It's very difficult to shop around for a better deal the way you can with health or travel insurance.
4. The breed of your pet can make a huge difference
Many factors can affect how much your pet will cost to insure, including its breed. The breed of your pet can have serious implications on their health, welfare and subsequent medical costs throughout their lifetime, and can make a huge difference price-wise.
"Cats seem to be similarly priced regardless of breed and are usually cheaper than many dog breeds," Uta says. "But there can be a big difference in price between dog breeds. For example, Frenchies are really expensive to insure – on average, they cost about twice as much to cover a Jack Russell Terrier."
But the cost may be worth it if you consider the vet bills you may be liable for due to the breed of your pet (as long as the specific conditions are not excluded by the policy you select).
Be aware that some policies can have sub-limits for certain items. So, your policy may have a $12,000 overall annual limit, but a sub-limit of $1000 for things like treatment after a tick bite or $2600 for cruciate ligament surgery.
Consult your vet about the particular health risks your pet is likely to face due to its breed or your location.
We recommend getting pet insurance when your pet is still young, as the younger it is, the less chance it will have a pre-existing condition.
5. There are lots of exclusions, low limits and caps
The policies in our pet insurance comparison are either basic accident-only cover; more comprehensive accident and illness cover; illness-only cover; or only cover some specifically stated events.
Comprehensive policies usually cover surgery, hospitalisation and medicines, but things such as dental care, vaccinations, desexing and preventative treatment are usually not included (see point six below). Most pre-existing conditions and sometimes hereditary conditions are also usually excluded.
There are tricky loopholes to look out for
You should always check the amount of copayments, excesses and caps. For example, most policies have a cap of around $300 on veterinary consultation fees (which you'll spend quite quickly if your pet has a chronic illness).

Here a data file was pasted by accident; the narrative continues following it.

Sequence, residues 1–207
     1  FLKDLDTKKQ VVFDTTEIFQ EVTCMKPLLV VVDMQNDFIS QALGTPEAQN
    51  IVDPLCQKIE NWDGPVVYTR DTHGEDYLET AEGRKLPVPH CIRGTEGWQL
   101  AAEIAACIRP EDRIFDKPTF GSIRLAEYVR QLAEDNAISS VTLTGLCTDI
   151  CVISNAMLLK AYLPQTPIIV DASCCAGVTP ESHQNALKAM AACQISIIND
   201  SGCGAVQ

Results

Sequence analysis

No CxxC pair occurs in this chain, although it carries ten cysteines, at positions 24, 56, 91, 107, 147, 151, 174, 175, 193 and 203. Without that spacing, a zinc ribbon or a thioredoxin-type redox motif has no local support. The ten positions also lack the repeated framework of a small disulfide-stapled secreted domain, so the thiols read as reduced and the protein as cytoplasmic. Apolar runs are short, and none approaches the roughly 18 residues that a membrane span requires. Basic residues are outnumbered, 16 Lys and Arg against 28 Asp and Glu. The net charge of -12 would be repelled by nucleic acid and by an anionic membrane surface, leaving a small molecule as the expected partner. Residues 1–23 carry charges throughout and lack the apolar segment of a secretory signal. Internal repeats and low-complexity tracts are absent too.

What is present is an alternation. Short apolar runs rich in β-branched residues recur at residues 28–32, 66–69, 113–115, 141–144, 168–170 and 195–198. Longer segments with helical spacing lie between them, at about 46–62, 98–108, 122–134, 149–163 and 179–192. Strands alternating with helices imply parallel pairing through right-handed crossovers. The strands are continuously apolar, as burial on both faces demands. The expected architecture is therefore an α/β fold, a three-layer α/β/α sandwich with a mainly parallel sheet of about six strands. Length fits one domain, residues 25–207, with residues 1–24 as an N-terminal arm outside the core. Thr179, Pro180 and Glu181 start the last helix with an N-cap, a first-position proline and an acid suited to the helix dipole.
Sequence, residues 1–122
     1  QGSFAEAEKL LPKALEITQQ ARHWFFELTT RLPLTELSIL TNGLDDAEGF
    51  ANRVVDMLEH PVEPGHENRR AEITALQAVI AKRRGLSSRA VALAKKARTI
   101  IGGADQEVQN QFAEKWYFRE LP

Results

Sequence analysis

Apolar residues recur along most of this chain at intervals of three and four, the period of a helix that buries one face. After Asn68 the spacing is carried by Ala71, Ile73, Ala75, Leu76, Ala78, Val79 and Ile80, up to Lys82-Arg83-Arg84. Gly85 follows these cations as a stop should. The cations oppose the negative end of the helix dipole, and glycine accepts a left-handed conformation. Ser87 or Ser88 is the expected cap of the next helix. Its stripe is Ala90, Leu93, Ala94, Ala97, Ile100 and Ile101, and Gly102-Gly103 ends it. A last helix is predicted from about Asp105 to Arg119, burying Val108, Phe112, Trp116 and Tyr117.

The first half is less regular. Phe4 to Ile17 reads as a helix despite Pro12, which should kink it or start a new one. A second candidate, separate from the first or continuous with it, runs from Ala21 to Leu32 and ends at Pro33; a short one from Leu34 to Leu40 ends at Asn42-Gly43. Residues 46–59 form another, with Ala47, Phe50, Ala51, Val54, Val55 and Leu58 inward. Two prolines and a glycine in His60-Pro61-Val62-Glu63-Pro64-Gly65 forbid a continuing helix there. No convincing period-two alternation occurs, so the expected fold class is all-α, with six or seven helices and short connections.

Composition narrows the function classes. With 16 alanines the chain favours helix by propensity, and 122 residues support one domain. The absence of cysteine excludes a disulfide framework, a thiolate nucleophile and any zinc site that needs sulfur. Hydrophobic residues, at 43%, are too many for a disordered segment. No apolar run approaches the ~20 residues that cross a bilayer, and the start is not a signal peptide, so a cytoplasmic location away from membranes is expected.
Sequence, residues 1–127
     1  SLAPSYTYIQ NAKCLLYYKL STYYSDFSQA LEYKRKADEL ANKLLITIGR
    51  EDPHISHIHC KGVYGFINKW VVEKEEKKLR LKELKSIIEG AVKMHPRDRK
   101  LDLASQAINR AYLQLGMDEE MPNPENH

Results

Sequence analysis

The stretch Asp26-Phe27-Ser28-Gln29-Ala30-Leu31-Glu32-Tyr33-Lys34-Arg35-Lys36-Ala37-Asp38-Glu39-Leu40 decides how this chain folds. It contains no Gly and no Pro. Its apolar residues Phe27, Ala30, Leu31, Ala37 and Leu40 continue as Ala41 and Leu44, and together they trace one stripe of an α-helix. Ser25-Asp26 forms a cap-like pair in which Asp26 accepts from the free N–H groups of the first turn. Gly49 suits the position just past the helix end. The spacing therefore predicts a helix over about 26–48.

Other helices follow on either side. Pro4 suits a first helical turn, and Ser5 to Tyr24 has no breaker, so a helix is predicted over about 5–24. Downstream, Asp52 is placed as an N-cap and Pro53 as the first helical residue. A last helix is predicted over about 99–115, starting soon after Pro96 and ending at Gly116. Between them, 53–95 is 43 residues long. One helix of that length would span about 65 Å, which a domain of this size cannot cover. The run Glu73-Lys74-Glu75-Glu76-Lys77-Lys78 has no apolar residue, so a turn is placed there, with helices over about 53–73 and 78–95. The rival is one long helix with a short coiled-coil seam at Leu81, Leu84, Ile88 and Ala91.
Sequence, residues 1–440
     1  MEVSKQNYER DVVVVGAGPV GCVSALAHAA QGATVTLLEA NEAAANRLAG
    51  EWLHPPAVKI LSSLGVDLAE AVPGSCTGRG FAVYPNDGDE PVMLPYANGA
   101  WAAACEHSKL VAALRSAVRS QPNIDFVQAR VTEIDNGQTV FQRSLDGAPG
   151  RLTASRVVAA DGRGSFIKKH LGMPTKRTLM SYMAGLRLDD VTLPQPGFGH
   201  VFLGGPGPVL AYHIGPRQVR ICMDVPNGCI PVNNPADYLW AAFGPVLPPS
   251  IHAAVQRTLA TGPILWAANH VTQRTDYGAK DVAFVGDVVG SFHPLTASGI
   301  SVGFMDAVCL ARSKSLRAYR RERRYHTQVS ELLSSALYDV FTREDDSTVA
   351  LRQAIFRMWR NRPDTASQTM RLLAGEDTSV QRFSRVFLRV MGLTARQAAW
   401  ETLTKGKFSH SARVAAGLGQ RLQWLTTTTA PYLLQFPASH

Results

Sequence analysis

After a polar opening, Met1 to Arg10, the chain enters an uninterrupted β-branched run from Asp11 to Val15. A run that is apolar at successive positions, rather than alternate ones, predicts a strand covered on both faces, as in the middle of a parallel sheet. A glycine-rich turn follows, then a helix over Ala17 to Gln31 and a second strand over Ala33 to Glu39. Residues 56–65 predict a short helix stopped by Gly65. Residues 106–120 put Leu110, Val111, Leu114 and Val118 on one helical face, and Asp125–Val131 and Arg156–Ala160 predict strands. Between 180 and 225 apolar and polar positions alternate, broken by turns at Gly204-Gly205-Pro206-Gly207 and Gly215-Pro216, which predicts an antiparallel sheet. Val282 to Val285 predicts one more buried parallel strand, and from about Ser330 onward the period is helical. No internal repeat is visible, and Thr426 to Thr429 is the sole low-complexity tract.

"There are tricky loopholes to look out for," says Uta. "For example, if your pet gets an illness they're not vaccinated for, you're not covered. But with some policies, even if your pet is vaccinated against that illness but gets it anyway, you still may not be covered.
"There is also often a cap on cover for the treatment of swallowing objects. Some policies have unlimited cover for this, but some will only cover you for once or twice a year – not ideal if your pup has a tendency to ingest foreign objects."
6. Add-ons for routine care can be good value
Most policies offer an optional add-on for 'routine care' which will cover things like vaccinations, worm and flea prevention, and one-off costs such as desexing (some policies already include it).
It's not very expensive to add on (usually around $100) and if you make use of it, it can offer good value. It's also an incentive to make those regular trips to the vet and give your furry friend the best care possible.
"With all policies, it's important to shop around as the cost varies widely," says Uta. "But make sure you're comparing apples with apples, keeping an eye on copayments, excesses and exclusions.
"Be careful when making your decision as it's really hard to switch once you've committed to a provider."